Korean, Filipino hostages freed; gov’t maintains no ransom paid
(Updated, 1:45 p.m.) Two hostages abducted by suspected extremist group Abu Sayyaf rebels were released on Saturday, peace process secretary Jesus Dureza announced.
Dureza announced the release of the two hostages as he presented them in a press conference in Davao City.
The hostages released were Korean captain Park Chul Hong and his Filipino crewman Glenn Alindaja.
Park and Alindaja were abducted on a south Korean cargo vessel by suspected Abu Sayyaf terrorists off Bongao, Tawi-Tawi, on October 2016.
BACKSTORY: Gunmen seize Pinoy crewman, Korean ship captain off Tawi-Tawi
The two hostages were turned over to Dureza in Jolo, Sulu by former Sulu governor Abdusakur Tan at around 7:40 am on Saturday.
Dureza immediately flew them to Davao City and arrived on Saturday afternoon at the city’s old airport.
He said Park was not feeling well while the Alindajao wanted to return to his hometown in Cebu.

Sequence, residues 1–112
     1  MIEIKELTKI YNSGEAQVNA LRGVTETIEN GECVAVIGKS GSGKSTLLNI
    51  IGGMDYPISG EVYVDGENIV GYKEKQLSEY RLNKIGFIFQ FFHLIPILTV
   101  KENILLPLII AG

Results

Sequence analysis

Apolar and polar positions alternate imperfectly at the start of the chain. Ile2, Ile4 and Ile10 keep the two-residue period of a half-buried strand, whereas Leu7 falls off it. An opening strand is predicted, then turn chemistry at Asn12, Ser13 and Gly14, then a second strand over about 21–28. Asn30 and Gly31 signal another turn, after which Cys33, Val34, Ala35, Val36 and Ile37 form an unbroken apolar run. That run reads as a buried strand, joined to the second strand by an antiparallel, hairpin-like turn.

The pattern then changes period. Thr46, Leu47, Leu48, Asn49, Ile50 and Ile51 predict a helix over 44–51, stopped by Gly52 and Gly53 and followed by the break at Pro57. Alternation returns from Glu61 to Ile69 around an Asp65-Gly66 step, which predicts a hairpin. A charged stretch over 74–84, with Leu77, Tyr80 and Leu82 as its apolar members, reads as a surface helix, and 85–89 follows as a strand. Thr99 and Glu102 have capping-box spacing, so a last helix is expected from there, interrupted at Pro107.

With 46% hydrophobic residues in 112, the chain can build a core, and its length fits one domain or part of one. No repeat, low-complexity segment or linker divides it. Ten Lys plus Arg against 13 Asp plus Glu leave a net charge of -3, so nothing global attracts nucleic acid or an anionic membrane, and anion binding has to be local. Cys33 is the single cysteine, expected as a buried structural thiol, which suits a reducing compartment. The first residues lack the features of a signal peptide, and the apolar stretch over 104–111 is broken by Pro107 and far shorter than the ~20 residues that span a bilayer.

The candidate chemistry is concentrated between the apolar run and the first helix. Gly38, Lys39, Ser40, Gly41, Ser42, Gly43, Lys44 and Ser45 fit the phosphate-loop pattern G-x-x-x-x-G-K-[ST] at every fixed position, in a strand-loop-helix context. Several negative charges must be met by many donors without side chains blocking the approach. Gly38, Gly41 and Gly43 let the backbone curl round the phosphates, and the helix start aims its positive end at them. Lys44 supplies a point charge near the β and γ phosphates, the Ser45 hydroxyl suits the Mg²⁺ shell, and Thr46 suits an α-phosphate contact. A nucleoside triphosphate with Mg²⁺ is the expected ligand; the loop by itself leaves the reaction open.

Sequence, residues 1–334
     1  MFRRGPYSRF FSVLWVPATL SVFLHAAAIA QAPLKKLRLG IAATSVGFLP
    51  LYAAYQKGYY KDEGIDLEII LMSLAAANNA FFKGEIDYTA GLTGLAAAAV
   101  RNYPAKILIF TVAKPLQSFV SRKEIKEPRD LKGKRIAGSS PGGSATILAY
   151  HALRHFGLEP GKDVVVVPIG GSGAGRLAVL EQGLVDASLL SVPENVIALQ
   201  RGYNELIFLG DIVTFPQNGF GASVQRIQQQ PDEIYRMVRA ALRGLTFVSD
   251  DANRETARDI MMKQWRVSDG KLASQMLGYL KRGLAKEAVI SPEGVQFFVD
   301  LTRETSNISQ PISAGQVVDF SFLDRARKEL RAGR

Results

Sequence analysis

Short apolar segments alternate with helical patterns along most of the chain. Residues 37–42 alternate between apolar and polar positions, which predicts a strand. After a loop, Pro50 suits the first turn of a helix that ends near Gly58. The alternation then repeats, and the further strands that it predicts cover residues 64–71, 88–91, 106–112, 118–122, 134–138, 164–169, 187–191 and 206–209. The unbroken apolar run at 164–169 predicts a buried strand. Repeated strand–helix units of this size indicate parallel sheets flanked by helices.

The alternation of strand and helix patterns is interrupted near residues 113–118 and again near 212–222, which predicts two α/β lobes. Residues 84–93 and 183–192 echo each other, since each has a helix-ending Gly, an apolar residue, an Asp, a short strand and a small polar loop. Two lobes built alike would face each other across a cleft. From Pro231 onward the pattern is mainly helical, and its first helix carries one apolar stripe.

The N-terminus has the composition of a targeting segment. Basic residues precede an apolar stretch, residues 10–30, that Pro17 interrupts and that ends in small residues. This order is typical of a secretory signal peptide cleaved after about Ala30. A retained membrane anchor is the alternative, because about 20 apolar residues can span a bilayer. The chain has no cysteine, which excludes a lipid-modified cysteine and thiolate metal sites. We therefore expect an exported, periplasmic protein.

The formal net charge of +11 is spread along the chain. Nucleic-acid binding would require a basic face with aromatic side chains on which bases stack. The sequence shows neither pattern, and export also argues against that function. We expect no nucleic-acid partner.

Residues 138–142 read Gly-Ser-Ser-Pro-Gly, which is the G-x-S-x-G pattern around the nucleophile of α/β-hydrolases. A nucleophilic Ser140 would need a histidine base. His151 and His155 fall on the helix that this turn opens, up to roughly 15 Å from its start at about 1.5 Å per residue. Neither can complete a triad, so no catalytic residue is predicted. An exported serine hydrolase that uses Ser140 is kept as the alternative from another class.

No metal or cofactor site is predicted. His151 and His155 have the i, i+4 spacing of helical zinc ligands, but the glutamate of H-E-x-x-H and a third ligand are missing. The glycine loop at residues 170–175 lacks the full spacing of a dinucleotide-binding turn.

But, the chief Philippine negotiator said “they have to undergo some trauma therapy.”
He said he wasn’t sure if the terrorist group Abu Sayyaf were the ones who released the hostages. But the Westerrn Mindanao Command said ASG has claimed the kidnapping.
Dureza denied reports that a ransom was paid in exchange of the two’s release.
“As far as the government is concerned we don’t get involved in any ransom payments at all,” he said.
“The government official policy is not to pay ransom. You know why? The more money you gave to them, the more it strengthens them, the more they are encouraged to continue that illegal trade,” he added. IDL
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